Oregon State Rep. Tawna Sanchez, who also serves as director of Family Services for the Native American Youth and Family Center, and is a member of the Shoshone-Bannock speaks before board.

The Multnomah County Board of Commissioners declared today, Oct. 14, 2019, as Indigenous Peoples’ Day; a day to acknowledge the immeasurable history, culture and forced invisibility of Native American and Alaskan people.

Members of the Native American Youth and Family Center or NAYA who also represent Shoshone-Bannock, Cherokee and Blackfeet nations spoke to board members on Thursday  (October 10). The declaration marks the fourth year the County has recognized the rich history and sacrifices of native nations and touches the surface of the displacement, lost lives and continued disparate impacts on native communities. 

“Our nation was founded on the fundamental ideals of equality, opportunity and prosperity,” said William Miller, Community Advocacy Manager for the Native American Youth and Family Center and a Cherokee and Blackfeet nation member. Read more here.

New Community Engagement Specialist to bring more community voice, understanding and optimism to public safety system

In September, Rice joined the Local Public Safety Coordinating Council team.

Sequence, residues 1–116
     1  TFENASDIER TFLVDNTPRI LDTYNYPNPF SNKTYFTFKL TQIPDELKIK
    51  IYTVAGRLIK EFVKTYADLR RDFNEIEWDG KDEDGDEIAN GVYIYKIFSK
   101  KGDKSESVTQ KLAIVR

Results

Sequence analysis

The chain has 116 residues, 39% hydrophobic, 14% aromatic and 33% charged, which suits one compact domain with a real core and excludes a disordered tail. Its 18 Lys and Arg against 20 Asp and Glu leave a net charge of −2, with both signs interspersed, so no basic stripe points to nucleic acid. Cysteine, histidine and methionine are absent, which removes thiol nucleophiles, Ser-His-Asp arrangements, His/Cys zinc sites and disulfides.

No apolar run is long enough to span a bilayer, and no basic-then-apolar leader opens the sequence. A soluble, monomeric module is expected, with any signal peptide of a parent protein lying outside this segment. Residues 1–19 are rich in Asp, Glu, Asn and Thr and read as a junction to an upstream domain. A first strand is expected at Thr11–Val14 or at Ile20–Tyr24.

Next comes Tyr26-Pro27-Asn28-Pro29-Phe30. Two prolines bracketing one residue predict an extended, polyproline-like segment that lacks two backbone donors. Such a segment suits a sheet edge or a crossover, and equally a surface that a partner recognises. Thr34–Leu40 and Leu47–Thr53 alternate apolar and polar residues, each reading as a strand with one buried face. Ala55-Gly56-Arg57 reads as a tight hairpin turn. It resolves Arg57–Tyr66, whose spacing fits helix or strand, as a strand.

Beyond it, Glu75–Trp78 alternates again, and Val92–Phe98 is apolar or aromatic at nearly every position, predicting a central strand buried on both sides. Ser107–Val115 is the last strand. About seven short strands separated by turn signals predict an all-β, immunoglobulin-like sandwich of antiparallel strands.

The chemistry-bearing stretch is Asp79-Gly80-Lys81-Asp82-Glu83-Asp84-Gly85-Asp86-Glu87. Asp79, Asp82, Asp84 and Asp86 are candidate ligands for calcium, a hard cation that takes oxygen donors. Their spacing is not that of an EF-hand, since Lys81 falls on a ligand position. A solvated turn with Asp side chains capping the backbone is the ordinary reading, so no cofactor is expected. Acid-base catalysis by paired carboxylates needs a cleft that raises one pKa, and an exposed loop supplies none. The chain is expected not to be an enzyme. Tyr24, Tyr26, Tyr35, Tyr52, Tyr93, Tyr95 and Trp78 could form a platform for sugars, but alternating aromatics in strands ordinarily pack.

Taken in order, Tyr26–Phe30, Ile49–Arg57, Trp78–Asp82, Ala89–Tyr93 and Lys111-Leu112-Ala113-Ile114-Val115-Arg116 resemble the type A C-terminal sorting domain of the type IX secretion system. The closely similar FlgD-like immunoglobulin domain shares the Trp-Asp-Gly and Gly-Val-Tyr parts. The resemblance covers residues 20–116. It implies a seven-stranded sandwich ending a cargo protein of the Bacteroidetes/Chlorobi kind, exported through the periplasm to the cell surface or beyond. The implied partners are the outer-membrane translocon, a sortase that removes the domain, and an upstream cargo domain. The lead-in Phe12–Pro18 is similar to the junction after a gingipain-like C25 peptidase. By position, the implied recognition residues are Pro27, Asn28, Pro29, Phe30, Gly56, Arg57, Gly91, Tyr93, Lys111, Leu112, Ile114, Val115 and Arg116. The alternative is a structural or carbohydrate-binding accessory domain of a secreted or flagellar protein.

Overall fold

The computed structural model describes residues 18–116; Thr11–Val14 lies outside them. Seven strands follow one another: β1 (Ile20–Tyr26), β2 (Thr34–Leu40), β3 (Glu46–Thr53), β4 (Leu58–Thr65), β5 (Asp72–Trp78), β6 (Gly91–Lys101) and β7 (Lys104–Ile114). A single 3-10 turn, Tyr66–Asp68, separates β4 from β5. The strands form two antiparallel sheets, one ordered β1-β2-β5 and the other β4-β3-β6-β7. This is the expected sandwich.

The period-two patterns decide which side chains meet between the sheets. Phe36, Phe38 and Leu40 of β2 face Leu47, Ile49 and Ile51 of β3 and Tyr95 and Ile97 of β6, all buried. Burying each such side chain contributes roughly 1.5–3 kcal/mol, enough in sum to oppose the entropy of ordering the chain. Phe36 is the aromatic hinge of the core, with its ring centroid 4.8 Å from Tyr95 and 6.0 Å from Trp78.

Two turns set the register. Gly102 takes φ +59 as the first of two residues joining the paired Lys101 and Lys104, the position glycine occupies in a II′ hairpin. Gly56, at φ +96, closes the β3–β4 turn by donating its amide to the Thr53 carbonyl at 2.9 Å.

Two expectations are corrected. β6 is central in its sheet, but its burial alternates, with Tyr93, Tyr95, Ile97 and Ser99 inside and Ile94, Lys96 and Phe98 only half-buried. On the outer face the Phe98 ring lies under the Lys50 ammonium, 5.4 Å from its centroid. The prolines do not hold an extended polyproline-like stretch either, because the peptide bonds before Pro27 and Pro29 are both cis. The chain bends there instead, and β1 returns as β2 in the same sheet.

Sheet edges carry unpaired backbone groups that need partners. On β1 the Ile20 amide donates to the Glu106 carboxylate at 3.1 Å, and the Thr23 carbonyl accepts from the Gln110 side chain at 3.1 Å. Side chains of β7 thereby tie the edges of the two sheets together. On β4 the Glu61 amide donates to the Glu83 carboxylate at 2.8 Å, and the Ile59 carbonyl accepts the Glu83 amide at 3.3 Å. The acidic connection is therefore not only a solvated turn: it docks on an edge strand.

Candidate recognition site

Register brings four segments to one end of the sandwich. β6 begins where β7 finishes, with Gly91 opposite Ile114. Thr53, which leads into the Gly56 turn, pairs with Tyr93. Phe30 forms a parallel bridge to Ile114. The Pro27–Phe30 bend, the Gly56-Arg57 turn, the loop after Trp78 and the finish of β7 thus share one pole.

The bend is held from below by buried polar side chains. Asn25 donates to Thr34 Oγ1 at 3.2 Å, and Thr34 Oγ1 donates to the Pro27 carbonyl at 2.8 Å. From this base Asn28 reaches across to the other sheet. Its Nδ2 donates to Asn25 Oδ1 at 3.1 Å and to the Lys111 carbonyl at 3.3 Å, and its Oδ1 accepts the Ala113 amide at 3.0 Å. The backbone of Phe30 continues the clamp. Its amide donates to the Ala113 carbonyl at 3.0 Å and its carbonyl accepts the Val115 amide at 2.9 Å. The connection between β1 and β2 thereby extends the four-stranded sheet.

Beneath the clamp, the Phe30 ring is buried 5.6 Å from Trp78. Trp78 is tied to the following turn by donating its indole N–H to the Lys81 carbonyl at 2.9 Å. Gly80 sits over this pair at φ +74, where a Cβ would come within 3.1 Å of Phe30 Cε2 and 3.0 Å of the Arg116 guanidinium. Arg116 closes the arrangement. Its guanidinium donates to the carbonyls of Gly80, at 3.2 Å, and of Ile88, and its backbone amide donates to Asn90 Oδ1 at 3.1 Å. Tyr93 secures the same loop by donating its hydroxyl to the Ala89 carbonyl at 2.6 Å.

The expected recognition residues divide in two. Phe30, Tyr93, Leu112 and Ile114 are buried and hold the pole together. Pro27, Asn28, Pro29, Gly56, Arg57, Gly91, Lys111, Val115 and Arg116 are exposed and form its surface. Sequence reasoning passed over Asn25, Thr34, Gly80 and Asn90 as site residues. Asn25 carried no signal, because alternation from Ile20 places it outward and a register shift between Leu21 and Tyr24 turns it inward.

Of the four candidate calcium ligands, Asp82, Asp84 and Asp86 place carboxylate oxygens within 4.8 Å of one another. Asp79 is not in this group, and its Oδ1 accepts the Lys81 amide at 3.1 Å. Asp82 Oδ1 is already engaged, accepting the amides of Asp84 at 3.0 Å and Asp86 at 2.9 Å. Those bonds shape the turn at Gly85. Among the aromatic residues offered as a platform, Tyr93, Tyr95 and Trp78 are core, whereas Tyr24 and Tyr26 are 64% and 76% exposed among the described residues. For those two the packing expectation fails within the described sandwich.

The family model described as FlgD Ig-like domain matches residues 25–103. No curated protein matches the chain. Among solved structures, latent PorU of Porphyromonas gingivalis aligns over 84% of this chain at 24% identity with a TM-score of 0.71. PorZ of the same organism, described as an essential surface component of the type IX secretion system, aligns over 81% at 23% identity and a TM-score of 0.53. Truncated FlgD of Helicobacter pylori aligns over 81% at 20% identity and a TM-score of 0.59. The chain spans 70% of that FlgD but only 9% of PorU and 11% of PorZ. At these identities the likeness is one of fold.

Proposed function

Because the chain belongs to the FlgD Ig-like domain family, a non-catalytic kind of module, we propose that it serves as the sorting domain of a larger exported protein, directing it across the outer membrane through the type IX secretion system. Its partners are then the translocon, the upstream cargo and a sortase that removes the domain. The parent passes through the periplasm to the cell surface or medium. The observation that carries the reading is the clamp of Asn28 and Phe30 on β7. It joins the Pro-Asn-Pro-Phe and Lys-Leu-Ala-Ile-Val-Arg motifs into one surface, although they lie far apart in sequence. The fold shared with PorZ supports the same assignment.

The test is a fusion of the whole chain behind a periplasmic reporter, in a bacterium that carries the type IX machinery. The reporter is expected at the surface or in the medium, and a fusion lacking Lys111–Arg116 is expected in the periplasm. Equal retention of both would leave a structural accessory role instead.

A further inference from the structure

There’s a presence to Leneice Rice, one that exudes confidence and optimism, even in the face of challenges. 

In a room full of public safety officials, elected leaders, and community advocates, Rice commands full attention. She’s not daunted by the formidable people around her. In fact, she’s a natural fit as a counselor with roughly 10 years of experience in one-on-one and group counseling, suicide and substance abuse prevention, public speaking, and community engagement. 

And there’s gravitas in her expertise in Counselor Education and Clinical Mental Health. Rice earned her Master’s of Education at the University of New Orleans and a bachelor’s in Psychology from Tusculum University in Tennessee. “Go Pioneers,” she says with a laugh. 

But there’s even more to Rice than a strong résumé, warm smile and sense of comedic timing. It's an ability to truly connect with people, particularly those who experience significant struggles.

Read more here.

‘Housing, not Warehousing’: County leaders, businesses, advocates reject Trump’s harsh homelessness rhetoric

Chair Deborah Kafoury speaks at a Street Roots news conference Wednesday, Sept. 25, 2019.

Chair Deborah Kafoury linked arms with community leaders and people who’ve personally experienced homelessness to rebuke Donald Trump’s threats to round up people living on our streets — and warehouse them in remote facilities, out of sight and out of mind.